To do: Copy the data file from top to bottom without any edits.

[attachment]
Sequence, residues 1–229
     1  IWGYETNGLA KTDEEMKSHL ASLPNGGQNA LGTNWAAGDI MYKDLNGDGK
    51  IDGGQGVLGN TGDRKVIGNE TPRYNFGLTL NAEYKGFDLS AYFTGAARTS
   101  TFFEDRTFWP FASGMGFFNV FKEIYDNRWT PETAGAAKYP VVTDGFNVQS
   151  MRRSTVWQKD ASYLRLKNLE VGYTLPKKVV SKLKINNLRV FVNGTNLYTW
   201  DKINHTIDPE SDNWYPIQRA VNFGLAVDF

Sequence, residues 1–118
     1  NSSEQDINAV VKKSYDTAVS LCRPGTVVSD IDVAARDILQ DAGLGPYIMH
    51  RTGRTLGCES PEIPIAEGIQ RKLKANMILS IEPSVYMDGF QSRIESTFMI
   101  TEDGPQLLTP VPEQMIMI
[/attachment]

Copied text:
Sequence, residues 1–229
     1  IWGYETNGLA KTDEEMKSHL ASLPNGGQNA LGTNWAAGDI MYKDLNGDGK
    51  IDGGQGVLGN TGDRKVIGNE TPRYNFGLTL NAEYKGFDLS AYFTGAARTS
   101  TFFEDRTFWP FASGMGFFNV FKEIYDNRWT PETAGAAKYP VVTDGFNVQS
   151  MRRSTVWQKD ASYLRLKNLE VGYTLPKKVV SKLKINNLRV FVNGTNLYTW
   201  DKINHTIDPE SDNWYPIQRA VNFGLAVDF

Sequence, residues 1–118
     1  NSSEQDINAV VKKSYDTAVS LCRPGTVVSD IDVAARDILQ DAGLGPYIMH
    51  RTGRTLGCES PEIPIAEGIQ RKLKANMILS IEPSVYMDGF QSRIESTFMI
   101  TEDGPQLLTP VPEQMIMI